c. In the Sign-on URL text box, type a URL using the following pattern: https://<DOMAIN:PORT>/plugins/servlet/saml/auth

    Note

    These values are not real. Update these values with the actual Identifier, Reply URL, and Sign-on URL. Port is optional in case it’s a named URL. These values are received during the configuration of Confluence plugin, which is explained later in the tutorial.

  5. On the Set up single sign-on with SAML page, In the SAML Signing Certificate section, click copy button to copy App Federation Metadata Url and save it on your computer.

    Screenshot shows the Certificate download link.

Create an Azure AD test user

In this section, you'll create a test user in the Azure portal called B.Simon.

  1. From the left pane in the Azure portal, select Azure Active Directory, select Users, and then select All users.
  2. Select New user at the top of the screen.
  3. In the User properties, follow these steps:
    1. In the Name field, enter B.Simon.
    2. In the User name field, enter the username@companydomain.extension. For example, B.Simon@contoso.com.
    3. Select the Show password check box, and then write down the value that's displayed in the Password box.
    4. Click Create.

Assign the Azure AD test user

In this section, you'll enable B.Simon to use Azure single sign-on by granting access to Confluence SAML SSO by Microsoft.

  1. In the Azure portal, select Enterprise Applications, and then select All applications.
  2. In the applications list, select Confluence SAML SSO by Microsoft.
  3. In the app's overview page, find the Manage section and select Users and groups.
  4. Select Add user, then select Users and groups in the Add Assignment dialog.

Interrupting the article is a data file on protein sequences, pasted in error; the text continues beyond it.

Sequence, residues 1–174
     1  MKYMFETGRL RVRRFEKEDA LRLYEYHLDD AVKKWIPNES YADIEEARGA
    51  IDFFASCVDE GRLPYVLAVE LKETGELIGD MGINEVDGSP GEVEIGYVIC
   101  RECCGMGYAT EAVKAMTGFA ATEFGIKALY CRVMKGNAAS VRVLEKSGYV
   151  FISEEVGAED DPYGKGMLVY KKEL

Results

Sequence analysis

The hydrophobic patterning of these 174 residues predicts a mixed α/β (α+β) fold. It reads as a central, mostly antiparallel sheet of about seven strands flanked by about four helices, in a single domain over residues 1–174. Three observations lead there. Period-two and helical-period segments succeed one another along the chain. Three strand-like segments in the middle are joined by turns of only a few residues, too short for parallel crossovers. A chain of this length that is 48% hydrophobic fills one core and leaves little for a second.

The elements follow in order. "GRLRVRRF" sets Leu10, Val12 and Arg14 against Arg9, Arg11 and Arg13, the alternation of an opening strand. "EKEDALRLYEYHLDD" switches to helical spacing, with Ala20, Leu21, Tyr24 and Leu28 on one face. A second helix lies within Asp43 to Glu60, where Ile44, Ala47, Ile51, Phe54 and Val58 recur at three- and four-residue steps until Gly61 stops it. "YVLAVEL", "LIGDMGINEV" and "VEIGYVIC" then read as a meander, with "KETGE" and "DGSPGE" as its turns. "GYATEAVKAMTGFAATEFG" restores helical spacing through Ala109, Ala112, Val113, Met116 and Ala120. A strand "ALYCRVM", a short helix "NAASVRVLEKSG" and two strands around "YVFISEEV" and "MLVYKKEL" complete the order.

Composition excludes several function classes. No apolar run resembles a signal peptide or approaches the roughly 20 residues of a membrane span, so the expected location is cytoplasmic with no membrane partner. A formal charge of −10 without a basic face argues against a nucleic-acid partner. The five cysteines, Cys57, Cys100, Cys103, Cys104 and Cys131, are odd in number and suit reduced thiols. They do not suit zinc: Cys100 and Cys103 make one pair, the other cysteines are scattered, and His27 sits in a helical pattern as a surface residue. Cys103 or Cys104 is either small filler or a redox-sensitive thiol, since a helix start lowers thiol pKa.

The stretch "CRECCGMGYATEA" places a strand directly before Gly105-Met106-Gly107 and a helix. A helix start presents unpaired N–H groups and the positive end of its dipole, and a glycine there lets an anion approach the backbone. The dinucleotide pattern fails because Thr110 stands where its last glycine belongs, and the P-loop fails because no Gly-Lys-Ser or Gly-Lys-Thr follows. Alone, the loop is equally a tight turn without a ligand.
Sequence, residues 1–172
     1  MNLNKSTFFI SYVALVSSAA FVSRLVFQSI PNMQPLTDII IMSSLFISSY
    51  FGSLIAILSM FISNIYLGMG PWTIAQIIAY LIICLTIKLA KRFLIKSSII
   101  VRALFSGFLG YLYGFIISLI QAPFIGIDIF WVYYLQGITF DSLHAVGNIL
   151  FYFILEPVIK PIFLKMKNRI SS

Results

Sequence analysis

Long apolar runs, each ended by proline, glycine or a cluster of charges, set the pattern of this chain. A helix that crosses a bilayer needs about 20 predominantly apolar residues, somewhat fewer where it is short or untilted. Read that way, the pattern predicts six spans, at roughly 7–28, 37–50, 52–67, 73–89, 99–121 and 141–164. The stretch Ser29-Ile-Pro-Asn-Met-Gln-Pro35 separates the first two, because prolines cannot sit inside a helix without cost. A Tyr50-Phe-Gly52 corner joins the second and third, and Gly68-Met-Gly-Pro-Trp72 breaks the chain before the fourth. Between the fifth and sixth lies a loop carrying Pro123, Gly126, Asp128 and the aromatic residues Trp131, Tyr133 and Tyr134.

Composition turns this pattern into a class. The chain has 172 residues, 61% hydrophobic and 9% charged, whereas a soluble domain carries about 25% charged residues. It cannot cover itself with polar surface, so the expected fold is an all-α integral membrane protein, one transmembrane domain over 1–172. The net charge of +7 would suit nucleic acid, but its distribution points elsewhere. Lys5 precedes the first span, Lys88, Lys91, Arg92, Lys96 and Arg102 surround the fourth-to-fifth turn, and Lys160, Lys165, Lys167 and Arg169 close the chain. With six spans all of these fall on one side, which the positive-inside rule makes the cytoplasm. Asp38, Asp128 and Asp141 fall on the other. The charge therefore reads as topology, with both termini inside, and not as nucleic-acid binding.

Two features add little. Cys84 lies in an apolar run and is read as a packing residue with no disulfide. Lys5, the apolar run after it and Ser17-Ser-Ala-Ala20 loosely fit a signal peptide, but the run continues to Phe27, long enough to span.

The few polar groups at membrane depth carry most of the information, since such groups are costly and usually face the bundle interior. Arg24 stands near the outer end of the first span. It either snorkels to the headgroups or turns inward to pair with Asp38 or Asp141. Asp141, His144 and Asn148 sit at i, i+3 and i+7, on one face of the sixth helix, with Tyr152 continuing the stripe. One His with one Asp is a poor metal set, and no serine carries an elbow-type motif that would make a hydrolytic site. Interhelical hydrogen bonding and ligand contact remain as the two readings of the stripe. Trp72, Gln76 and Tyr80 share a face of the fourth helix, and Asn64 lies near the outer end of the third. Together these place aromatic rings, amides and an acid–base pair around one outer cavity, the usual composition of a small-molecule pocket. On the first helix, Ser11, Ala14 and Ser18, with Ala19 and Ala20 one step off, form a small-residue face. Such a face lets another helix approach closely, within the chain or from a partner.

5. In the Users and groups dialog, select B.Simon from the Users list, then click the Select button at the bottom of the screen.
  6. If you are expecting a role to be assigned to the users, you can select it from the Select a role dropdown. If no role has been set up for this app, you see "Default Access" role selected.
  7. In the Add Assignment dialog, click the Assign button.

Configure Confluence SAML SSO by Microsoft SSO

  1. In a different web browser window, sign in to your Confluence instance as an administrator.

  2. Hover on cog and click the Add-ons.

    Screenshot that shows the "Cog" icon selected, and "Add-ons" highlighted in the drop-down menu.

  3. Download the plugin from Microsoft Download Center. Manually upload the plugin provided by Microsoft using Upload add-on menu. The download of plugin is covered under Microsoft Service Agreement.

    Screenshot that shows the "Manage add-ons" page with the "Upload add-on" action selected.

  4. For running the Confluence reverse proxy scenario or load balancer scenario perform the following steps: